United States v. Mac Cement Finishing Corp., 546 F. Supp. 52 (N.D.N.Y 1982)

U.S. District Court for the Northern District of New York - 546 F. Supp. 52 (N.D.N.Y 1982)
June 18, 1982

546 F. Supp. 52 (1982)

UNITED STATES of America, Plaintiff,
MAC CEMENT FINISHING CORPORATION, V. Brown Floor, Inc. and Thaddeus E. Dziergas, Defendants.

No. 77-CV-134.

United States District Court, N. D. New York.

June 18, 1982.

Stephen T. Lyons, Dept. of Justice, Tax Div., Washington, D.C., for plaintiff.

Peter P. Panels, Panels & Panels, Syracuse, N.Y., for defendant V. Brown Floors, Inc.


MINER, District Judge.

In this action the Government seeks to reduce to judgment an outstanding federal tax liability of defendant Mac Cement Finishing Corporation (hereinafter "Mac"), to foreclose federal tax liens against certain real property located at Syracuse, New York, and to obtain a deficiency judgment against Mac for such part of the tax liability *53 as remains unsatisfied after the foreclosure. Jurisdiction is asserted under the provisions of 26 U.S.C. §§ 7402 and 7403 and of 28 U.S.C. §§ 1340 and 1345. The action has been submitted for the Court's determination upon a stipulation of facts entered into by the attorney for the plaintiff and the attorney for defendant V. Brown Floors, Inc. (hereinafter "Brown").


On June 3, 1974 and on June 10, 1974, the Internal Revenue Service assessed tax liabilities against Mac in the amount of $13,046.69 for unpaid tax liabilities for the first three quarters of 1973. A notice with demand for payment was served upon Mac on the same dates. As a result of the assessments, a lien in favor of the United States attached to all real property belonging to Mac. 26 U.S.C. § 6321.

On July 17, 1974, certain real property consisting of a building and lot located at 449 Shonnard Street, Syracuse, New York, was conveyed by Mac to Brown. At that time, James McConnell was the sole shareholder of Mac and his uncle, Vernon Brown, was the sole shareholder of Brown. Mac had acquired the property on July 31, 1972 from defendant Thaddeus E. Dziergas for the total sum of $15,000 $3,000 in cash and the balance in the form of a purchase money mortgage held by Dziergas. The consideration for the conveyance from Mac to Brown was $7,857.01 $500 in cash and the balance by the assumption of the Dziergas mortgage. The fair market value of the property at the time of the transfer was $17,000.[1]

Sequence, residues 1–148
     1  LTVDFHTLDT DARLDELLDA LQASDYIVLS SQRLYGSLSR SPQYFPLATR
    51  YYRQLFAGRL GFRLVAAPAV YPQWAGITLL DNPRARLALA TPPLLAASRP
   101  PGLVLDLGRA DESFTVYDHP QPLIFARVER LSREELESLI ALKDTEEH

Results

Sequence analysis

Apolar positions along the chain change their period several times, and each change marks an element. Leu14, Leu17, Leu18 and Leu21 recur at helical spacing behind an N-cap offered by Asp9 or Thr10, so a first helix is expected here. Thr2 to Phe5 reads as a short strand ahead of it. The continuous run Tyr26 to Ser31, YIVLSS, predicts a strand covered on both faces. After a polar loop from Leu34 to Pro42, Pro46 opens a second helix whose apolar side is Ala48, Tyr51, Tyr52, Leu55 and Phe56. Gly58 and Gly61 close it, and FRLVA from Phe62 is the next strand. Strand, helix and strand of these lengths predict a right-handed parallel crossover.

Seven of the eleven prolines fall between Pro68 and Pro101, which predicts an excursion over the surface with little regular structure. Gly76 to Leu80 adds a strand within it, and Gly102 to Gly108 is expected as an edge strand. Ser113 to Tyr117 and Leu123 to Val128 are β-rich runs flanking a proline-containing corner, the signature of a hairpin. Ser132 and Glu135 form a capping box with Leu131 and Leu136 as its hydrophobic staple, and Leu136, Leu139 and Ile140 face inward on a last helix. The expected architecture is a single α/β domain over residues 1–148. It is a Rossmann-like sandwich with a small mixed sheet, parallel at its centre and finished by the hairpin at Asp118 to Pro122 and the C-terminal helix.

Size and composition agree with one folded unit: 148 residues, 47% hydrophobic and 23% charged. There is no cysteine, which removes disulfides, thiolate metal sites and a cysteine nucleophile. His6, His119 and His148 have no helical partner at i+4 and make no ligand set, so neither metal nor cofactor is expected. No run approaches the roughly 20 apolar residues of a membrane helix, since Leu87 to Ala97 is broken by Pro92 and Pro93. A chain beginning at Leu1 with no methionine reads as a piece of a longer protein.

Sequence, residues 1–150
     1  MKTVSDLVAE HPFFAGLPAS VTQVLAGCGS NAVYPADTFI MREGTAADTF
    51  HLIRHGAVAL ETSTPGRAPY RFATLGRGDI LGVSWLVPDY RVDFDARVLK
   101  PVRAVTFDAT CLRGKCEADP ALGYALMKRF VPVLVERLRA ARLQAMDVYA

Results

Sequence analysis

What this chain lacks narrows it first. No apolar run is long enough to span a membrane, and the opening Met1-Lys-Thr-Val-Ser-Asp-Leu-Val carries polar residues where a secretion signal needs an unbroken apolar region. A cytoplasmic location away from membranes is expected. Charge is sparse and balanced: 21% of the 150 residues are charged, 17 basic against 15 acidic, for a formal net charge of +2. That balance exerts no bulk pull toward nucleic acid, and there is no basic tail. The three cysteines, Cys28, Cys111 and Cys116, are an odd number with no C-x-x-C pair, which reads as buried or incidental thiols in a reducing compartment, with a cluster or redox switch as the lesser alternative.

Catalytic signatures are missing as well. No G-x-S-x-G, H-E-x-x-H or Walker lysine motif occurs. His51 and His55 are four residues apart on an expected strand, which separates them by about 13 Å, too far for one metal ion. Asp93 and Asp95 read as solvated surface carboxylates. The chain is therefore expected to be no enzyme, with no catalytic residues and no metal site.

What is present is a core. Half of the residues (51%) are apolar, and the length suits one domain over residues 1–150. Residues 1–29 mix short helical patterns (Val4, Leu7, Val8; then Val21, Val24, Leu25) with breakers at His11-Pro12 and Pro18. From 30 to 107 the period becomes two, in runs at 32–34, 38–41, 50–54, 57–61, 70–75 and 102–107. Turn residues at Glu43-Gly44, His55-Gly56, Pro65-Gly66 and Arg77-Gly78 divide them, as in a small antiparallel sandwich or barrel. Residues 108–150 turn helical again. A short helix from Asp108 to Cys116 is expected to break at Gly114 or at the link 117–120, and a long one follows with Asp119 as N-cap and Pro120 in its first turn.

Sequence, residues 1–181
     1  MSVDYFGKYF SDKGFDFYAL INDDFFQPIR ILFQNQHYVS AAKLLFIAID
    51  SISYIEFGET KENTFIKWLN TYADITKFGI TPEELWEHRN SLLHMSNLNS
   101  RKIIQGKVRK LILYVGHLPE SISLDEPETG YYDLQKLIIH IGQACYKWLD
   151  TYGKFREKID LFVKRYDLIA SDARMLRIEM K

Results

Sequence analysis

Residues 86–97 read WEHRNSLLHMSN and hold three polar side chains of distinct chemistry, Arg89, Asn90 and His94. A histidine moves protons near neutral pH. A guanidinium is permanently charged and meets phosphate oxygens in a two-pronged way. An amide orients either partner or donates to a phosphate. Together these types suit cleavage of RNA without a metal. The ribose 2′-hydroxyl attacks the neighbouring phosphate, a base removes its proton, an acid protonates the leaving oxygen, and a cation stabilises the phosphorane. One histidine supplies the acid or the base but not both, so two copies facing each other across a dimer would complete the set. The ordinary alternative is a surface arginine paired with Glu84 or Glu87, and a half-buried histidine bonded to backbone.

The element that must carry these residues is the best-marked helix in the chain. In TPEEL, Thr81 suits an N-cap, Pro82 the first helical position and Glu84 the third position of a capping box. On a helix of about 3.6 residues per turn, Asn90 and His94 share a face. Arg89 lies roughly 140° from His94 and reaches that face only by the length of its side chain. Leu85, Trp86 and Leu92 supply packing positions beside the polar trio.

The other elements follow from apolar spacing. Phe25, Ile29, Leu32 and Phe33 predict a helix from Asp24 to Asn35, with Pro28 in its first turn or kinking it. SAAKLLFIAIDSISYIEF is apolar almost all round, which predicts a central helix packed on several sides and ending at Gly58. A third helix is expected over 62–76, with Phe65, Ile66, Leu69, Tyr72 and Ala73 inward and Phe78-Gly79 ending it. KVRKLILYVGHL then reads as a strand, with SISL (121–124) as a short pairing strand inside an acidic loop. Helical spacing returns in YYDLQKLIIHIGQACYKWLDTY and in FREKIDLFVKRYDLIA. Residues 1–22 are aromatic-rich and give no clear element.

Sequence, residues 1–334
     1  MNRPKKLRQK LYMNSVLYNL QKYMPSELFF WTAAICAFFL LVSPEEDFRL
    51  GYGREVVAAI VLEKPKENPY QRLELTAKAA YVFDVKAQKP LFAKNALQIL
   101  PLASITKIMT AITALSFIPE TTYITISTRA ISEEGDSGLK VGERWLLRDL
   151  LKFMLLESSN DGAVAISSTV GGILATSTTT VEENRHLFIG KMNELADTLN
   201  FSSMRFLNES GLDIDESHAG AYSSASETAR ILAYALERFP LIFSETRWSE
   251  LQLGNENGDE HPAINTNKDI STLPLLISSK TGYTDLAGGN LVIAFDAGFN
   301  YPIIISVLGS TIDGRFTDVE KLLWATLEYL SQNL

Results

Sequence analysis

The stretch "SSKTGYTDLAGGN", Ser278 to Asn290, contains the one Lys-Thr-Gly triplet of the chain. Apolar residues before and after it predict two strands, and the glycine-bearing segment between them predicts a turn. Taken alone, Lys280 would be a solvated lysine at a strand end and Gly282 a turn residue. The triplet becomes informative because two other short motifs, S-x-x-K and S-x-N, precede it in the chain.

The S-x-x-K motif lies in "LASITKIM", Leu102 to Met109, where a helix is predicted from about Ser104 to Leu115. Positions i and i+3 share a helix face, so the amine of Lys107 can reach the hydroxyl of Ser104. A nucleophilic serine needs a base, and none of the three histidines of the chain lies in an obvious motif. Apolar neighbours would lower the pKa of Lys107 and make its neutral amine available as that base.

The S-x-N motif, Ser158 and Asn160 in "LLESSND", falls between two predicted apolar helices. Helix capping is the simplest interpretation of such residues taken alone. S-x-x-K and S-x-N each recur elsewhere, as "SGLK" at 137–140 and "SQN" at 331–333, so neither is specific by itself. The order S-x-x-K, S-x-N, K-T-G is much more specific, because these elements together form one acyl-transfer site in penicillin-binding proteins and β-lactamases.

A notice of lien with respect to the assessment against Brown was not filed until September 17, 1974. Accordingly, the parties have agreed that the sole issue before the Court is whether Brown was a "purchaser" within the meaning of 26 U.S.C. § 6323(h) (6).[2]


The Internal Revenue Code provides that a lien for unpaid taxes shall not be valid against a purchaser, as defined in the Code, until notice of the lien has been filed. 26 U.S.C. § 6323(a). Here, no notice was filed until after the conveyance to Brown. A purchaser is defined as "a person who, for adequate and full consideration in money or money's worth, acquires an interest (other than a lien or security interest) in property which is valid under local law against subsequent purchasers without actual notice." 26 U.S.C. § 6323(h) (6). Since no issue has been raised respecting notice to Brown, the inquiry here must focus on whether Brown's payment for the property constituted an adequate and full consideration.

Little guidance has been furnished for the measurement of adequate and full consideration. Obviously, where nothing of value has been furnished, such consideration is lacking. Coventry Care, Inc. v. United States, 366 F. Supp. 497 (W.D. Pa. 1973) (25% interest in proposed business venture, given in return for promissory note, found to be valueless). The amount paid cannot be so small as to have little worth relative to the value of the property acquired, but a bona fide bargain purchaser is not precluded. S. Rep. No. 1708, 89th Cong., 2nd Sess. 14, reprinted in 5 Rabkin and Johnson, Federal Income, Gift and Estate Taxation § 73.06B(12) p. 7339f. However, the consideration should have a reasonable relationship to the true value of the property acquired. 26 CFR § 301.6323(h)-1(f) (3).

Here, the consideration paid ($7,857.01) was approximately 45% of fair *54 market value[3] ($17,000). By virtue of the stipulation of the parties and the consequent limitation of the evidence available to the Court, there is no showing that Brown was a bona fide bargain purchaser. Upon the facts presented, the Court finds that the consideration paid did not have a reasonable relationship to the property's true value and, therefore, that Brown was not a purchaser within the Code's definition. To put it another way, the consideration furnished by Brown cannot be designated "full" in any sense, even if it were possible to characterize it as "adequate." Accordingly, the Government is entitled to the relief sought in the complaint.


The foregoing constitutes the findings required under the provisions of Fed. R. Civ. P. 52(a). The attorney for the Government is directed to settle a judgment, consistent with the foregoing, on notice to the attorney for defendant Brown.

It is so Ordered.


[1] "On July 17, 1974, the fair market value of the property located at 449 Shonnard Street, Syracuse, New York, was $17,000." (¶ 5, Stipulation of Facts).

[2] This issue relates solely to the foreclosure of the lien. Since Mac has defaulted in answering, its liability is not in issue here, and judgment may be entered accordingly. The mortgage held by defendant Dziergas has been completely liquidated, and the Court determines that he has no interest in the property.

[3] Fair market value commonly is defined as an "amount at which property would change hands between a willing buyer and a willing seller, neither being under any compulsion to buy or sell and both having knowledge of the relative facts." Black's Law Dictionary 537 (5th ed. 1979).